Formula 1, Robots and Cinematic Studies
Welcome to another installment of our Cool Stories! Here, we show our latest stuff, and then we nerd out about it in the article below. Hopefully, this article will give the untrained eye some insight behind the scenes, and the nerdy eye an interesting peek into our process and results. We typically try to wrap these exercises in an exciting package, so it’s fun to work on, and hopefully fun to watch for you.
FYI: We are not focusing on storytelling in any way ( i.e. there is no story to this movie). The edit you see below is just a collection of a series of test shots.
This time, we created a scene with a Formula 1 car and a bunch of robot arms to explore a few things, like Depth of Field, Environment Fog, Motion Blur, Lens Flares, Color Corrections and the Vray Car Paint Material.
Challenges / lessons
A lot of the challenges related to animations come from the long production time. Each second of animation consists of 24 images (in this case), and so: creating a high quality video can take a long time.
When storytelling is involved, take even more time for story boarding and the meticulous planning of each shot.
A few notes on this project (we used 3dStudioMax, Vray, and After Effects):
Next time, we need to be more consistent in our color corrections. Some shots are too red, others, too blue.
Vray Environment Fog is nice (and necessary), but needs to be rendered separately (except for when recreating a full Back-To-Beauty composite. Then it can be rendered along as a pass. But still, the fog is a beast we need to tackle separately, mostly because of render times). Optimizing fog settings is a tedious process, but worth the render time improvement.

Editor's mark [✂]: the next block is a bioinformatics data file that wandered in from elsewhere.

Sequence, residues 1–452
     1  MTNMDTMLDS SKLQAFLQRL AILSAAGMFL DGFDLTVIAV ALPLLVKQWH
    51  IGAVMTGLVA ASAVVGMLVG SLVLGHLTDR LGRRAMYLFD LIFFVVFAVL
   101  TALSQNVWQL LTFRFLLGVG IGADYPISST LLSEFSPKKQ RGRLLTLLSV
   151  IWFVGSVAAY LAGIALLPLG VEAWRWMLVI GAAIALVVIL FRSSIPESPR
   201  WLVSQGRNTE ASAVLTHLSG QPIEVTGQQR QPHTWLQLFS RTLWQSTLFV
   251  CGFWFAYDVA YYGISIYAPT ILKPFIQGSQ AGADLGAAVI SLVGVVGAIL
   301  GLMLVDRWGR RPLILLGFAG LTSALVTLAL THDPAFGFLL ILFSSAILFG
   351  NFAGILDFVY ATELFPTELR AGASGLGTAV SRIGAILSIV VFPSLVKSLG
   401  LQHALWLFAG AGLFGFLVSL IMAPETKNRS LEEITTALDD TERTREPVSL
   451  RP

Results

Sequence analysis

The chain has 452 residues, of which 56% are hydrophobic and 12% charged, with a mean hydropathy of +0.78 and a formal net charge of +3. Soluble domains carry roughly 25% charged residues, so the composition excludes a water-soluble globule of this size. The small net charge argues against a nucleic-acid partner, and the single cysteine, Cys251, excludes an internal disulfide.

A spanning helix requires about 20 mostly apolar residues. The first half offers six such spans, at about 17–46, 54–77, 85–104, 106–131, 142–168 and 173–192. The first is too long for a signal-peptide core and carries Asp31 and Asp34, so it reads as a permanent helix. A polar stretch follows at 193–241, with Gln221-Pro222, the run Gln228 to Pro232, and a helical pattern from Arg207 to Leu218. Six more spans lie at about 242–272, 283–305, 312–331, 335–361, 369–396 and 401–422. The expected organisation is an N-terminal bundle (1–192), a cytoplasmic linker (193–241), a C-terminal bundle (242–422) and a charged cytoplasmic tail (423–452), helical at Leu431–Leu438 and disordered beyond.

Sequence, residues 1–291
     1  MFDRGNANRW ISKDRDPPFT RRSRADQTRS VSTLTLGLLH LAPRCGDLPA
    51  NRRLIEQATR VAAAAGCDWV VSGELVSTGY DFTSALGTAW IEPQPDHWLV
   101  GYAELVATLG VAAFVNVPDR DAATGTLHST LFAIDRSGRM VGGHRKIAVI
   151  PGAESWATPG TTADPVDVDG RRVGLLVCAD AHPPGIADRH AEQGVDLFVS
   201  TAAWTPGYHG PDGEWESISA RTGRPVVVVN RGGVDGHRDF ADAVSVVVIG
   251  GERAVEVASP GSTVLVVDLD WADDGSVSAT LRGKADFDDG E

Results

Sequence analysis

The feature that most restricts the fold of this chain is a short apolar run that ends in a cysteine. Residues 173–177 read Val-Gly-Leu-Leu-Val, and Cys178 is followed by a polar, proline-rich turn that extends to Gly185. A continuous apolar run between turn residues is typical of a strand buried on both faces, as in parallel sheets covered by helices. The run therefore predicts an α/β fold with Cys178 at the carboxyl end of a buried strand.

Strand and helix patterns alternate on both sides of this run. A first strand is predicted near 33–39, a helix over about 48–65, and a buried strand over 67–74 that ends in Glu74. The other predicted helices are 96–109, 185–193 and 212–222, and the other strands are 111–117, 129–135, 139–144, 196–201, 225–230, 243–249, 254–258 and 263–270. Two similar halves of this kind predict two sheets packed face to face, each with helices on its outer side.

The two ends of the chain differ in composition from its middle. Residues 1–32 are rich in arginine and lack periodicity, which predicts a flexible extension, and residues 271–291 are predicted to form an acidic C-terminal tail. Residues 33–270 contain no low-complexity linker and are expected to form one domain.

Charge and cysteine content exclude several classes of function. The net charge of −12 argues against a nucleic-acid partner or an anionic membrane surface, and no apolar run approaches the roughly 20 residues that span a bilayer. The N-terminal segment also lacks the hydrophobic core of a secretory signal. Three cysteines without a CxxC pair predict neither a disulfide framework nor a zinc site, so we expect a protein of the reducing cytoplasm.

Depth of field (DOF) is best rendered as a pass, and then applied in Post Production. You’ll have much more control, and you will have a less noisy result, than camera-rendered DOF. However, we are noticing some ghosting around the frame’s edges and in areas with a heavy DOF. For maximum quality, render it through camera. Only when you have time, money and render machines to spare though.
Motion blur is really necessary to make your moving shots look great. We considered and tested fully rendered Camera Motion Blur (blur things when the camera moves), rendered object motion blur (blur only the things that actually move, disregard the camera movements), and both combined.
Generally, we tend to use Object Motion Blur only. It will depend on the situation. Keep an eye on the most optimized settings.
We also tested the Vray Velocity Pass, which, in combination with the right compositing strategy (render objects that move separately), or mask them out with good MultiMattes), allows for Motion Blur in Post Production. So far, we are not too happy with the results nor are we convinced of the potential time saver by adding motion blur in Post Production.
Lens flares and Vray Car Paint are awesome. The flares are added in Post. To track their position, we render out a separate pass (Multimatte), which contains an RGB mask that we use let the flare plugin do it’s thing.
When finally posting the finished video, prepare for social media to compress your video to look like crap.
Hopefully you enjoyed our update!